Colin's first trip was relatively uneventful to lay mines; U-boats known to be in the target area were not encountered. It was something of a false dawn for what was to come, with the next mission seeing them under fire but again successful.
Thereafter, and now on Lancaster bombers, the crew undertook a long succession of flights across enemy territory targeting major industrial sites. These operations were fraught with the danger from searchlights, shrapnel, flak and enemy fighters (the latter soon becoming more skilled in their mode of attack) and the bomber pilots had to be very adroit in their corkscrew manoeuvres to avoid disaster and to come home safely.
Colin vividly described such encounters on missions typically lasting over 8 hours; heavy aircraft often loaded to the maximum with bombs and canisters , not forgetting some 2140 gallons of inflammable fuel. Not the best choice of travel companion when under threat from many fronts! All this without a reserve pilot and with the constant need to monitor fuel usage. Travel rations were a bar of chocolate and plenty of chewing gum!
Colin's description of the emotions of the flight crew, simply worded and describing the relationship between courage and ever-present fear, were straight from the heart. We were reminded that for each plane lost 7 men probably perished; on one major mission alone 42 planes came down. The words of the poem which he had written to express his war-time feelings were profound.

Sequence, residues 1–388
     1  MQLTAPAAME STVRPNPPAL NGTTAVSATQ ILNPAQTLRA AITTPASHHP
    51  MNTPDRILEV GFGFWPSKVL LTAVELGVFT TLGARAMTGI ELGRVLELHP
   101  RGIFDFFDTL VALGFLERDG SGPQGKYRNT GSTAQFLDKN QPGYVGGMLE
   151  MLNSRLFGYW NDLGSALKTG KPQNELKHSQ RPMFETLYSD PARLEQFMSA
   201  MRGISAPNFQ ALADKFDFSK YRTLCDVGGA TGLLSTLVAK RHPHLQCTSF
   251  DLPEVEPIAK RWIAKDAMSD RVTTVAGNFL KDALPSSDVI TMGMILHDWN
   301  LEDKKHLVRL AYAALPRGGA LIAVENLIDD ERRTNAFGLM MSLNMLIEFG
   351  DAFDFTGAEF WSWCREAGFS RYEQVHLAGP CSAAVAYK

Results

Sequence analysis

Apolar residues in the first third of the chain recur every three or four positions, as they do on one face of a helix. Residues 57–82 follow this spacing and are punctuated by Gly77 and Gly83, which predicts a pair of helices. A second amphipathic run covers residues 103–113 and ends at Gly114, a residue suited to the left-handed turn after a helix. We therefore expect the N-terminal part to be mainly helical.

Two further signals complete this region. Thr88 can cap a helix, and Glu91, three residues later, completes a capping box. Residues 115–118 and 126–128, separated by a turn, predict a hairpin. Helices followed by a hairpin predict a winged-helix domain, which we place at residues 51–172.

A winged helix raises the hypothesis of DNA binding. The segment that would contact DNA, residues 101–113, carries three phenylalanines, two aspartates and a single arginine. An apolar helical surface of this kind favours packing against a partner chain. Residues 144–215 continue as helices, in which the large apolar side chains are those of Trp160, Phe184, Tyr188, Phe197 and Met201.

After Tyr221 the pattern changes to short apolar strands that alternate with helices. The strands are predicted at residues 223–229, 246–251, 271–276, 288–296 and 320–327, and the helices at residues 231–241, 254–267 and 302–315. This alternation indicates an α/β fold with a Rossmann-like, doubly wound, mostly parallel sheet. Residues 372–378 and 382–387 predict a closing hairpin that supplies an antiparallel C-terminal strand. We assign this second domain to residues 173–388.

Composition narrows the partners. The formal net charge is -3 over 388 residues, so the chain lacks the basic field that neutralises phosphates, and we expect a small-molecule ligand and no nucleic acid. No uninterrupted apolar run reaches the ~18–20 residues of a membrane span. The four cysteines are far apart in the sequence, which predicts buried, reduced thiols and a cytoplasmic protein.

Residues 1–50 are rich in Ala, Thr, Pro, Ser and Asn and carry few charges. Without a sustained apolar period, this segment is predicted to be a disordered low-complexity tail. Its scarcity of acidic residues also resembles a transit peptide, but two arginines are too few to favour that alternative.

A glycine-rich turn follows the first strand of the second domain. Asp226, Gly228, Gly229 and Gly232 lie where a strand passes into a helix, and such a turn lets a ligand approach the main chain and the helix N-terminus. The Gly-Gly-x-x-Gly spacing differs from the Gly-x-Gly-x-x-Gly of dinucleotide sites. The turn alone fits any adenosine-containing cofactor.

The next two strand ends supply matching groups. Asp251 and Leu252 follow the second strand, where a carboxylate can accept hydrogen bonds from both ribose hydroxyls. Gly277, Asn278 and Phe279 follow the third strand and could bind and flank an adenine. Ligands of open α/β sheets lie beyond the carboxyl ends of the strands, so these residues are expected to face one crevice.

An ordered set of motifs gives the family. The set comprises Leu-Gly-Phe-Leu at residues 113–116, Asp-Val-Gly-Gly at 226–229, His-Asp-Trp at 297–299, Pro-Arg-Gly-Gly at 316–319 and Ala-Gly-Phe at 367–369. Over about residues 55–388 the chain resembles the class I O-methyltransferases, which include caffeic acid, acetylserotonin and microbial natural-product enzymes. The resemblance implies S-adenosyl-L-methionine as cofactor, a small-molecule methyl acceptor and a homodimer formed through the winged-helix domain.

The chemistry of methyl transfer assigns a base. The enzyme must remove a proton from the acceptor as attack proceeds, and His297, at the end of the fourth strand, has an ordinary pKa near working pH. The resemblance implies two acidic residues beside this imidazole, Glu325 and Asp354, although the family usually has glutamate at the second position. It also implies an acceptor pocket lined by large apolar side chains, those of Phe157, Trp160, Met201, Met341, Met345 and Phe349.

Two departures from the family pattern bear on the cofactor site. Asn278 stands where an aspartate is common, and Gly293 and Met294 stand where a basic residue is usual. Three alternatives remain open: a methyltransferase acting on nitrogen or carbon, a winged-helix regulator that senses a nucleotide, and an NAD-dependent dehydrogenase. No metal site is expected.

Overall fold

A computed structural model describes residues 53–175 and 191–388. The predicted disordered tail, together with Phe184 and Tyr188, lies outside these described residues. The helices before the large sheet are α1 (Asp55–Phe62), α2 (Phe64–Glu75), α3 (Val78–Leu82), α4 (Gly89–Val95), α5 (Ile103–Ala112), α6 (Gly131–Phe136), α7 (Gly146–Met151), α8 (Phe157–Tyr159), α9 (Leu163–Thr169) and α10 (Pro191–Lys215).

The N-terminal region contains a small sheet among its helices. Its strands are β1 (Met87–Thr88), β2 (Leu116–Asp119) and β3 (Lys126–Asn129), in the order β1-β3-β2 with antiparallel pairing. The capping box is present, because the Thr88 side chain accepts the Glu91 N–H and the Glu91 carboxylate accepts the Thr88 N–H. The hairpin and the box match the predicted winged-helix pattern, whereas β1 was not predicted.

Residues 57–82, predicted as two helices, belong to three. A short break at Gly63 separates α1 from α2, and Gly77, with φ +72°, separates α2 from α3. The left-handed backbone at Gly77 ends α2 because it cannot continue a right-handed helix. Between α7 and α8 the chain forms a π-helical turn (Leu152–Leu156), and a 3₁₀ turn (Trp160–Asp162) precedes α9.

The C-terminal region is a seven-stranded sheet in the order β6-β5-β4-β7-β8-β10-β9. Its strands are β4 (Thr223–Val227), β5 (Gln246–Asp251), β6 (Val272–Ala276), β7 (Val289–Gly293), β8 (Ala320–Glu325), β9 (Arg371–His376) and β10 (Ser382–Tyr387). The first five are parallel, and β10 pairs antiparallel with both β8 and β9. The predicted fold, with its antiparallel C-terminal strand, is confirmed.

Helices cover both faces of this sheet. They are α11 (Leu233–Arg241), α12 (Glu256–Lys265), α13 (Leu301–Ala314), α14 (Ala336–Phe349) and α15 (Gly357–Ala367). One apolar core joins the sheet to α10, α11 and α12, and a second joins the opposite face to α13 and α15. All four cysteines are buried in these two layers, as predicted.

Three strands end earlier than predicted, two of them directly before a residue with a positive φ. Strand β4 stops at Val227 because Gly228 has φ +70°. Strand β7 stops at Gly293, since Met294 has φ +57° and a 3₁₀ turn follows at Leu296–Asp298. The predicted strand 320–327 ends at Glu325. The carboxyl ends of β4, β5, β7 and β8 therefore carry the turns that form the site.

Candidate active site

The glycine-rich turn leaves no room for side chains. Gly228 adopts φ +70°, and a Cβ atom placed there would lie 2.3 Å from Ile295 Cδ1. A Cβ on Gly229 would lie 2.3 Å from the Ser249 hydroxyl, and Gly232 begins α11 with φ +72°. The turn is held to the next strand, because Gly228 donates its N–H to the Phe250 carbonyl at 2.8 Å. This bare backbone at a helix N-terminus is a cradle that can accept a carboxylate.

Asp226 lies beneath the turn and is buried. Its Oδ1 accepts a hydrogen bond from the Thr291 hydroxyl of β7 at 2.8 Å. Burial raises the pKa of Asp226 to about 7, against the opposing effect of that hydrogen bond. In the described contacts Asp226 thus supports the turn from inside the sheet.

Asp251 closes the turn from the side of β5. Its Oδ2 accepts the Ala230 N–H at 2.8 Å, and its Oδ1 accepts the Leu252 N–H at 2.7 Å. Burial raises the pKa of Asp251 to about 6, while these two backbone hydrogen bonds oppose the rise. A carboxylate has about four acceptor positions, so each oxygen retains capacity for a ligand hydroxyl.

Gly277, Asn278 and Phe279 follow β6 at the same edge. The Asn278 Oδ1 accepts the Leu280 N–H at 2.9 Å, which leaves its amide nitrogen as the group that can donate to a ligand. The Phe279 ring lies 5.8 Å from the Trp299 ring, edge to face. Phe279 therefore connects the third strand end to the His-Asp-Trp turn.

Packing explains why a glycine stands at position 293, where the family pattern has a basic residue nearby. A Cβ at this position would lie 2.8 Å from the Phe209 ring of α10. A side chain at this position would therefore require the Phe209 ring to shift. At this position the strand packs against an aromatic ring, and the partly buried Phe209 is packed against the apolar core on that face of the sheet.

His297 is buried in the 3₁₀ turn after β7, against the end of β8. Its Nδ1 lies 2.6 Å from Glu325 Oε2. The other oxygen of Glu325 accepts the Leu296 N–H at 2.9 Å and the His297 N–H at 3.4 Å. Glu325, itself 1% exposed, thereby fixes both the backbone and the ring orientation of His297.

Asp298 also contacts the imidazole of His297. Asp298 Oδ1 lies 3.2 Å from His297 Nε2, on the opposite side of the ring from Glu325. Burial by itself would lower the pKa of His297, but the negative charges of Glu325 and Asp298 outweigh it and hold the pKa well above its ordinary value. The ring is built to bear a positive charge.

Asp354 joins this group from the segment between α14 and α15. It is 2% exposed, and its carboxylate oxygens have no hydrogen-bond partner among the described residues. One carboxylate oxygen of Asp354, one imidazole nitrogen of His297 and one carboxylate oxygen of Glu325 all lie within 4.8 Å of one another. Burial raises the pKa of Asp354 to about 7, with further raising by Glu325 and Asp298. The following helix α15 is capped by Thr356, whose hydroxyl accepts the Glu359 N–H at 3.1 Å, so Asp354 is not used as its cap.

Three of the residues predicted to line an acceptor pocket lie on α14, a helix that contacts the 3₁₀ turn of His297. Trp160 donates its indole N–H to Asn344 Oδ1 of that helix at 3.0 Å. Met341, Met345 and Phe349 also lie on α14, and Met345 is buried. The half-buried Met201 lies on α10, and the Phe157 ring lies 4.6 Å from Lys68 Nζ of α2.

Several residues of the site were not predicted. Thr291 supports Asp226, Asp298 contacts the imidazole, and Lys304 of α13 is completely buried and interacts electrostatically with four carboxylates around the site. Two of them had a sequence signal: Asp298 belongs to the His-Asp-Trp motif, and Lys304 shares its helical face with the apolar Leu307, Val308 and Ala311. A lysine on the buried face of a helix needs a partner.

AND…. Will we hear more? Colin was to volunteer for further 'low-altitude' flights as the conflict continued and we hope he will tell us about that another time.
The View from the Wings - Brian Freeland
Brian told us about his lifetime in the theatrical world.
He became a Stage Manager and Director at the age of 21, after being in the RAF.
Brian worked in many parts of the UK, mainly with Moss Empires, who own the London Palladium - from London to The Bristol Old Vic and Theatres in Scotland (where Moss Empires originally started).
He gave us many anecdotes, some of which he warned us in advance were 'saucy'.
Brian had obviously had a wonderful and enjoyable career; and that I thought that all young people should be aiming for a life in the Theatre, rather than being Lawyers or Stockbrokers etc.
I concluded by saying his talk had been very interesting, informative, entertaining and full of humour.
Stephen Barbor - ChildAid
Child Aid is a charity set up to provide assistance to children living in difficult circumstances in Africa and parts of eastern Europe.